This morning I met an outstanding group of sixth-formers. Despite it being the middle of exam season nearly 200 students gathered in the school hall (I believe voluntarily!) knowing they were going to meet and question politicians involved in the up-coming election.
I asked the students how many of them were entitled to vote in this election- many hands went up. I then asked how many would vote. The vast majority of those hands stayed up. We often hear negative things about young people but whenever I have had a chance to talk talk to school groups recently I have been very impressed from Norfolk to Cambridgeshire and today in Essex.
Caught up in the morass of expenses scandals there are many negative things being said about politicians. The three candidates today each gave our personal story of what had brought us to a stage where we decided to stop complaining from the outside and decide to put our own heads over the parapet in these local and international elections. The students then asked probing and informed questions. I was even followed out of the hall by two students wanting to know my views on Turkey and the EU.
OK this may not be a normal school in its approach to international affairs - it is a state comprehensive but an "International School" and the students sit the international baccalaureate, not A Levels.
At the end of the meeting the Co-Head Teacher gave a speech in defence of politicians. Very Brave. He implored the students to dig deeply into their education and conscience when deciding who to vote for. He asked them to think hard about why the newspapers print a story before believing it - he confronted the expenses scandal and asked them to debate what politicians should be paid (or go back to the dark days when only the wealthy could afford to do the job). He told them that the gap between politicians and people was larger than at any time he had known, but that without politics they would not today have their school, and it would be politicians and not bankers or financiers who have to sort out the mess of our economy. He even told them that politics is an honorable profession.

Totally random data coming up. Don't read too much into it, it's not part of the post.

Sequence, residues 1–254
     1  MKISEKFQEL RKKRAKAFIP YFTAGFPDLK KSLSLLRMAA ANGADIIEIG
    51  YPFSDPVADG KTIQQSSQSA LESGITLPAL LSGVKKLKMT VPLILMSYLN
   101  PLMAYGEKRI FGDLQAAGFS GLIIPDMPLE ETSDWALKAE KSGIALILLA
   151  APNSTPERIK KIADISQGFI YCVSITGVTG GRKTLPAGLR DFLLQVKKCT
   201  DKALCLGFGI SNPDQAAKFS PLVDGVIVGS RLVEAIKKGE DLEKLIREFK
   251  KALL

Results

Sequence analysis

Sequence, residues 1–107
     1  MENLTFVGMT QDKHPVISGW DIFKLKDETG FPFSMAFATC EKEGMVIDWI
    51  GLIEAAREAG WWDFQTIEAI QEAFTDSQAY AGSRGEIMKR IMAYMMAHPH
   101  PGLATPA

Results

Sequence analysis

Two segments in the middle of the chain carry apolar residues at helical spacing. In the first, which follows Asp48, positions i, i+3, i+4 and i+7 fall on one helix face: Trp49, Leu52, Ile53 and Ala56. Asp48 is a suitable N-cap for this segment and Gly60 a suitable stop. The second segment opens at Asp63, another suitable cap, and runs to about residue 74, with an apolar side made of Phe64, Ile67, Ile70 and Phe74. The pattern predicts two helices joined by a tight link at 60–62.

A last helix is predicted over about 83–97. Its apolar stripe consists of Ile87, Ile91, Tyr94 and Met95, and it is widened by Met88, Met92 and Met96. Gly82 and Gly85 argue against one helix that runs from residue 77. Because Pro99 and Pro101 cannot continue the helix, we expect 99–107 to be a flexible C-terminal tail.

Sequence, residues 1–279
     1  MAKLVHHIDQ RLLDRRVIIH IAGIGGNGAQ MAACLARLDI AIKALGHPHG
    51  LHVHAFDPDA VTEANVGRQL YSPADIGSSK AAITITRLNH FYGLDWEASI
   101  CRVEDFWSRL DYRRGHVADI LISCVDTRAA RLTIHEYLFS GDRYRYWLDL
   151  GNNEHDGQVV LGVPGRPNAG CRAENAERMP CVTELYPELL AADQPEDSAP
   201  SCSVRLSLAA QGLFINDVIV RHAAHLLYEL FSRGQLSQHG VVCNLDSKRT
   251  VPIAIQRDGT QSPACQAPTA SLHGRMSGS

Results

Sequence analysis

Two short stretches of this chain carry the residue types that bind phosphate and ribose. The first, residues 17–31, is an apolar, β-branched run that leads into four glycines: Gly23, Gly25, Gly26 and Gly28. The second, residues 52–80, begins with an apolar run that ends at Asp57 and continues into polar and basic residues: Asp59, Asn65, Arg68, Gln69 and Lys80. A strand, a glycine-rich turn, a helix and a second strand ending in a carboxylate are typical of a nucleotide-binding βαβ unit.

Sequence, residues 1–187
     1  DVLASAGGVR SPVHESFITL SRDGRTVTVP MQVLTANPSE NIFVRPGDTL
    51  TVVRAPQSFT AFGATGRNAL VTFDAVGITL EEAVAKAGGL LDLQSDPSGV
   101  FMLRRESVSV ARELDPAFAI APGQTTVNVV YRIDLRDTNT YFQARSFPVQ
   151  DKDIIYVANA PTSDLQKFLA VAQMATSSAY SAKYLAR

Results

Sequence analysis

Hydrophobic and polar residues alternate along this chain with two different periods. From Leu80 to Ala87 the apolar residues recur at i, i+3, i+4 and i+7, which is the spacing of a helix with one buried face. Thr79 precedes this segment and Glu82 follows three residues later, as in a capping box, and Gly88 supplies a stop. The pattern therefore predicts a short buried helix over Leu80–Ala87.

He told them that "there is noting wrong with having principles that evolve - what is wrong is having no principles". As a former banker turned politician I could have hugged him.